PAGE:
Material to prevent Zika infection by mosquitoes are displayed at the 69th World Health Assembly at the United Nations European headquarters in Geneva, Switzerland, May 23, 2016. Reuters/Denis Balibouse

A Gordonvale resident near Cairns has tested positive for the Zika virus. Queensland health workers have been sent to south of Cairns in far north Queensland to check the spread of the virus. Reports claim that the woman recently returned from Bali and Thailand.

The Dengue Action Response Team (DART) has urged residents of Cairns to take appropriate precautions. They have been working and spraying for mosquitoes over the weekend.

“It's not people they come in contact with, it's the fact that they infect mosquitoes and those mosquitoes then infect other people. The sooner we find out about a case, the better chance we have of controlling any transmission because the mosquitoes don't actually become infectious until about 10 days after they've bitten someone with the infection,” Dr. Richard Gair from the Tropical Public Health Service (TPHS) told the ABC and confirmed that mosquito-spraying teams have been sent to the location to check the spread.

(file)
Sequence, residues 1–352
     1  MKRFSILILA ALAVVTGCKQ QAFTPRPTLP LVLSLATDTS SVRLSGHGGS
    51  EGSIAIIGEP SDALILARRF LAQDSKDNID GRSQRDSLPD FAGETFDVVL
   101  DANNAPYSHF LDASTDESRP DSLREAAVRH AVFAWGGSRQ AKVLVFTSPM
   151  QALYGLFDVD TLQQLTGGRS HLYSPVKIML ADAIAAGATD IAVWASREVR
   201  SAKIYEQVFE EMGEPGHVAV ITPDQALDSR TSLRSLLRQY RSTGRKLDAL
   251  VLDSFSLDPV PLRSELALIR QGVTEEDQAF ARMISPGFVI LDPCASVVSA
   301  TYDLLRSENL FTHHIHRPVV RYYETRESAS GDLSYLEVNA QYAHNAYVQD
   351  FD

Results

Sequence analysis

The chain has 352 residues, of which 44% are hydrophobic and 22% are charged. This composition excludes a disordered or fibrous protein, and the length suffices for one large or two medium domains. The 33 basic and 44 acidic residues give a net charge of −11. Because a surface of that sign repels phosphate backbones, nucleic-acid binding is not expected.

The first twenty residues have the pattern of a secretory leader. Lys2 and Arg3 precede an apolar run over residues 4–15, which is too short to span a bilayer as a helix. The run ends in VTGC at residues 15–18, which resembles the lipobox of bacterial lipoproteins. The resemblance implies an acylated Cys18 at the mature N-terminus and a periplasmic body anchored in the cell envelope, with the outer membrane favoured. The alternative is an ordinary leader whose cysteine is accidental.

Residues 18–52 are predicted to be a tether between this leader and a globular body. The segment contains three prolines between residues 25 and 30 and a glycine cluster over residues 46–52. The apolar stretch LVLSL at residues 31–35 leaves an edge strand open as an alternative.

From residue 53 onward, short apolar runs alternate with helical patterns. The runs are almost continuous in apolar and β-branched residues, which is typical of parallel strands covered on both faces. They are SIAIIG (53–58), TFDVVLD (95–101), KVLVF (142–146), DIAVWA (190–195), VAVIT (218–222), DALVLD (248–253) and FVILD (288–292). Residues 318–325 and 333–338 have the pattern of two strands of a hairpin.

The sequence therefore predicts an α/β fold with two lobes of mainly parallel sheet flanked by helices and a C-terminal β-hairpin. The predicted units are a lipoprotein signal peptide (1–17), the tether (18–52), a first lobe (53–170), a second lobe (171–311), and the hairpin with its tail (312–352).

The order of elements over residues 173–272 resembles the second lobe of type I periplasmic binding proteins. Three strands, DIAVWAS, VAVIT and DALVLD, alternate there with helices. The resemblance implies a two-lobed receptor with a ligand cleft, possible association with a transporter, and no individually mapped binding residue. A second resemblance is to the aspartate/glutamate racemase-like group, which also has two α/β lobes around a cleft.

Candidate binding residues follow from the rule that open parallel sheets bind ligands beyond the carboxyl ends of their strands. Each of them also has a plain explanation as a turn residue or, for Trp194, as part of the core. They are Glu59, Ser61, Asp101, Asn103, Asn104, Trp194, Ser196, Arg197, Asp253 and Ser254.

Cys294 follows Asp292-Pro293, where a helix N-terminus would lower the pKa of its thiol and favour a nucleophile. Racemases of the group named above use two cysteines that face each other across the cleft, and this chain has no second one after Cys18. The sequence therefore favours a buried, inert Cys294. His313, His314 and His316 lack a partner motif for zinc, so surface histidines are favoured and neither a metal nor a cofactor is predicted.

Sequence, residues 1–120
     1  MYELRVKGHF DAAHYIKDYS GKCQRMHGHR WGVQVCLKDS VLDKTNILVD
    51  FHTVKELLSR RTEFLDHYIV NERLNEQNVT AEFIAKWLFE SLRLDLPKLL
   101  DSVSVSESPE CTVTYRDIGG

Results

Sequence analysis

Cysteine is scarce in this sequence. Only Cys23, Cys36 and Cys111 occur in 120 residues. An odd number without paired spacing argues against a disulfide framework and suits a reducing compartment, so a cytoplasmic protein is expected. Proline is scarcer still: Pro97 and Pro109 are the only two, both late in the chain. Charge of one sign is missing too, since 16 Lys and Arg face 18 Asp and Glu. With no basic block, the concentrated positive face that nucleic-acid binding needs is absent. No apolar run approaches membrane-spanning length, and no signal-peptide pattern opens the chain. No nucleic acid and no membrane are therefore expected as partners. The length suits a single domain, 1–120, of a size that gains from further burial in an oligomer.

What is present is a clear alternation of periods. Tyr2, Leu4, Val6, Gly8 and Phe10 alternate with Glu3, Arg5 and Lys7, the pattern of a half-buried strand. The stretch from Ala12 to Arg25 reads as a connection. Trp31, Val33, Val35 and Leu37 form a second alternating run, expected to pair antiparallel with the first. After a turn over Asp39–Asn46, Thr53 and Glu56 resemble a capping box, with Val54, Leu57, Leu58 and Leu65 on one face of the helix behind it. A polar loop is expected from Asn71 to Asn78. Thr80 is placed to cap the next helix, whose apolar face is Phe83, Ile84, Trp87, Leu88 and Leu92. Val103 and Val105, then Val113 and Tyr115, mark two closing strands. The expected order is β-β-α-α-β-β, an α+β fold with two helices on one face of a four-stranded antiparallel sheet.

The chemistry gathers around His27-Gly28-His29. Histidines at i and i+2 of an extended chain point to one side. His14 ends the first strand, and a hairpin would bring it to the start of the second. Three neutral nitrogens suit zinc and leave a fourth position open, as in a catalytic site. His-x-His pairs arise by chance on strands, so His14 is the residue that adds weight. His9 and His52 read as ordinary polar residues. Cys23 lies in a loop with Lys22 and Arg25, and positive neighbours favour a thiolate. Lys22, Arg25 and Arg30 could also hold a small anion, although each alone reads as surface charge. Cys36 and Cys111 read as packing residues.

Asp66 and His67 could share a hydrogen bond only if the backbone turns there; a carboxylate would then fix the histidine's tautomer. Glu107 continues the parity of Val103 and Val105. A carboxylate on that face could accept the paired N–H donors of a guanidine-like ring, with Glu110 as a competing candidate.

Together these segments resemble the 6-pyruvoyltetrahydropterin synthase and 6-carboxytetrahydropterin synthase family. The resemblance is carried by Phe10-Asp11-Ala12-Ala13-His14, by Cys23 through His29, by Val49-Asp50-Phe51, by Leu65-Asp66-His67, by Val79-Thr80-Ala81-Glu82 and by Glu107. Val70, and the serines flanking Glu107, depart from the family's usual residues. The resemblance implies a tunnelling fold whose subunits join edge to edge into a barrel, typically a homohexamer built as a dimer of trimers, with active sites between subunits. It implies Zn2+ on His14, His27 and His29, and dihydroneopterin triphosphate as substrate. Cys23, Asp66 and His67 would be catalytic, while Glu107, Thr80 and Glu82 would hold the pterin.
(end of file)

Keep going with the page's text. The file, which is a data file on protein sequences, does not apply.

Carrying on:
The Zika virus has been linked to microcephaly, severe birth defects in newborn babies. The virus spreads through the bite of Aedes aegypti mosquito. The Aedes aegypti mosquito is confined only to Australia's north, including Cairns. The DART team is working rigorously to stop other mosquitoes from getting infected. Gordonvale residents have also been notified about the incident and they have been asked to spray mosquito-repellent inside and around their homes.

Although Zika virus is less severe than the more commonly spread dengue and is usually mild, the virus has been linked to babies being born with underdeveloped brains and small heads. T he US Centers for Disease Control and Prevention confirmed in April that Zika caused the congenital disease. Hence, simply clearing out breeding sites and killing the mosquitoes is of utmost importance.

Recently, scientists at the University of Texas Medical Branch (UTMB) at Galveston genetically engineered the world's first Zika virus infectious cDNA clone. The genetically engineered Zika virus infectious clone will help scientists develop an effective vaccine. At the same time, it will help expose why the virus causes birth defects in newborns and other diseases, as well as take epidemic proportions.

READ MORE: Scientists inch closer to Zika vaccine and antiviral drug with world-first genetically engineered Zika virus clone